The rhetorical research of videogames and specifically, the study of how videogames advocate for specific national cultures beyond geographic, political, or economic borders is—like rhetorical videogame studies in general—still in its infancy. Yet, these first insights reveal already a wide array of research opportunities that encourage the reevaluation of preconceived notions of cultural identity along with often superficially understood young adult narratives.
 Danny Wadeson, Why People Love Persona, in: Kotaku.com, online: http://kotaku.com/why-people-love-persona-1769348010 [accessed: 01.05.2017].
 Later on abbreviated as “YA videogame”.
 Nate Ewert-Krocker, Adolescence is Strange: Where Are All the YA Games?, in: PasteMagazine.com, online: https://www.pastemagazine.com/articles/2015/04/adolescence-is-strange-where-are-all-the-ya-games.html [accessed: 01.05.2017].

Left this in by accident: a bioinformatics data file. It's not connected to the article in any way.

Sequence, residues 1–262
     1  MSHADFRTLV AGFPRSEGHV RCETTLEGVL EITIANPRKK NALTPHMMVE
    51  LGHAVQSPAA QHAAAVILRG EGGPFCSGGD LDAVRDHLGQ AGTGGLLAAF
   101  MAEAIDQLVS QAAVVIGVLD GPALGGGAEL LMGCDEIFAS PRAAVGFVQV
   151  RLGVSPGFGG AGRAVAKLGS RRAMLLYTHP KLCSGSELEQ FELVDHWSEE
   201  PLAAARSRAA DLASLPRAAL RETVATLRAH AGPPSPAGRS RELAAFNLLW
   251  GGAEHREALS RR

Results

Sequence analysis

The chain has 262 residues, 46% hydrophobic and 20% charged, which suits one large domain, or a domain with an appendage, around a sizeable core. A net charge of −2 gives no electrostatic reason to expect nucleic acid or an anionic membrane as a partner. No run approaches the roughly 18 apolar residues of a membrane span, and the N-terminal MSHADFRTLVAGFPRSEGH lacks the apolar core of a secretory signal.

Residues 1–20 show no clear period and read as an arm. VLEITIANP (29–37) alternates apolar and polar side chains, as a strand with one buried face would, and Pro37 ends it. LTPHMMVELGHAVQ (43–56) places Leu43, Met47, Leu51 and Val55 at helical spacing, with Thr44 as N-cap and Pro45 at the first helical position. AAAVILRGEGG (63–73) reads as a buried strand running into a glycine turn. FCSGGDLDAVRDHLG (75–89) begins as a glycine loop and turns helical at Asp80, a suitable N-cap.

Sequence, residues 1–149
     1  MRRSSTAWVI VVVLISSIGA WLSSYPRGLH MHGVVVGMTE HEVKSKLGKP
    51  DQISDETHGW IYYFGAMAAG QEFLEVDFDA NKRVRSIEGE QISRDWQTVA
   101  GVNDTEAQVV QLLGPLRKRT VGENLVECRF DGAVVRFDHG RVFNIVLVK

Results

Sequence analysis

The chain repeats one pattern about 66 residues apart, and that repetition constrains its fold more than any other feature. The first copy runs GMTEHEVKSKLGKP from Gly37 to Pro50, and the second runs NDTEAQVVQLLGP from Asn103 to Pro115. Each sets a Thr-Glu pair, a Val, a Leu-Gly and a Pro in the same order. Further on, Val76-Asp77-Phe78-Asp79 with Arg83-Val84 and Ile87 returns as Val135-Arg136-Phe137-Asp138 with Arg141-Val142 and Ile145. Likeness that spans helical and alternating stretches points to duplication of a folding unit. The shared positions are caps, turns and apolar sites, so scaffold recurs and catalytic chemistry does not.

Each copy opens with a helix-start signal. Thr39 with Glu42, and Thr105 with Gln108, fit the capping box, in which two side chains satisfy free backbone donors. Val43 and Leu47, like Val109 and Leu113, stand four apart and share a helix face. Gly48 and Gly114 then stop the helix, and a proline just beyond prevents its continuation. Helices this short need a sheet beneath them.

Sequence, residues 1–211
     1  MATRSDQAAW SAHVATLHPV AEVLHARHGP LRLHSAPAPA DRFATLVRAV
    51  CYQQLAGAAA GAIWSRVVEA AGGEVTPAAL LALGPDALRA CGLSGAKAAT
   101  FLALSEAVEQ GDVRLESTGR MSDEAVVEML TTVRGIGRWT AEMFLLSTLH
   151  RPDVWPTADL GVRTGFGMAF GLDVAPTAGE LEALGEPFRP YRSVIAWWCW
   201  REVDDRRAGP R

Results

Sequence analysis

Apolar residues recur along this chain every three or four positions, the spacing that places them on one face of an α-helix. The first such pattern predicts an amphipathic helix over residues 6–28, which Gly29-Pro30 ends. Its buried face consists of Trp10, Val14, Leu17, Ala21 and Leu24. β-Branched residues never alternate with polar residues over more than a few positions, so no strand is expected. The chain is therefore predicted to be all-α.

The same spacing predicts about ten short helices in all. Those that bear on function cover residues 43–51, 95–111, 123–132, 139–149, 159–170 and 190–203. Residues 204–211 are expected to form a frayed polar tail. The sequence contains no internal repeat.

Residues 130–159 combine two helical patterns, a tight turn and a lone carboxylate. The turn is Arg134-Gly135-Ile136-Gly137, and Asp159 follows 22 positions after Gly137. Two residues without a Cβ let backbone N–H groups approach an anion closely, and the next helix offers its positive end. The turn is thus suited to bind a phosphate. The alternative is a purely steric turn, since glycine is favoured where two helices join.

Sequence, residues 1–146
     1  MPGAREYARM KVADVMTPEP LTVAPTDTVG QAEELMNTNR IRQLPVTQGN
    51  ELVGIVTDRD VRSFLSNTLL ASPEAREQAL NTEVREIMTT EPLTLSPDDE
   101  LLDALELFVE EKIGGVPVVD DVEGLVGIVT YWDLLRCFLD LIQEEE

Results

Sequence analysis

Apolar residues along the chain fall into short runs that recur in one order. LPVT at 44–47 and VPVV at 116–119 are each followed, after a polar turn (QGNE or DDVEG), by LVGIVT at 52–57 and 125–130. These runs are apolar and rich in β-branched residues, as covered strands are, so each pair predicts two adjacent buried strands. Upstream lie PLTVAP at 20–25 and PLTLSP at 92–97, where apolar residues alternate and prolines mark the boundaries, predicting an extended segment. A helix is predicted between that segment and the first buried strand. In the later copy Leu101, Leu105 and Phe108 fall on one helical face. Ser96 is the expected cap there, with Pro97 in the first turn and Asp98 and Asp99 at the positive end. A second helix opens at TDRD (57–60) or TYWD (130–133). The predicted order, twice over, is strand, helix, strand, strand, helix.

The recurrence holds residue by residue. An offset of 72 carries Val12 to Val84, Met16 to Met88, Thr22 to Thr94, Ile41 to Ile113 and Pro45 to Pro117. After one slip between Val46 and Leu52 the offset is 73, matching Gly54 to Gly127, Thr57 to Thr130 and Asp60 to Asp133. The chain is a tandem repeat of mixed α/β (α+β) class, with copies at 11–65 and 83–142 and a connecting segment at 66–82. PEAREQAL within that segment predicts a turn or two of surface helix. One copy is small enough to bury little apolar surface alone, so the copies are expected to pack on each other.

Zach Hines, Why young-adult video games are thriving, in: Engadget.com, online: https://www.engadget.com/2016/08/24/young-adult-video-games/ [accessed: 01.05.2017].
 Paul Tassi, The Best Selling Games of 2016 Reveal A Few Surprises, in: Forbes.com, https://www.forbes.com/sites/insertcoin/2017/01/23/the-best-selling-games-of-2016-reveal-a-few-surprises/#608e50b5608e [accessed: 01.05.2017].
 Individual critic’s voices as well as Metacritic scores are certainly not reliable predictors for financial success. However, with publishers taking critical acclaim and Metacritic as foundation for bonus payments, a developer’s decision process to venture into YA territory is likely influence by it and serves as a rough, yet sufficient, indicator.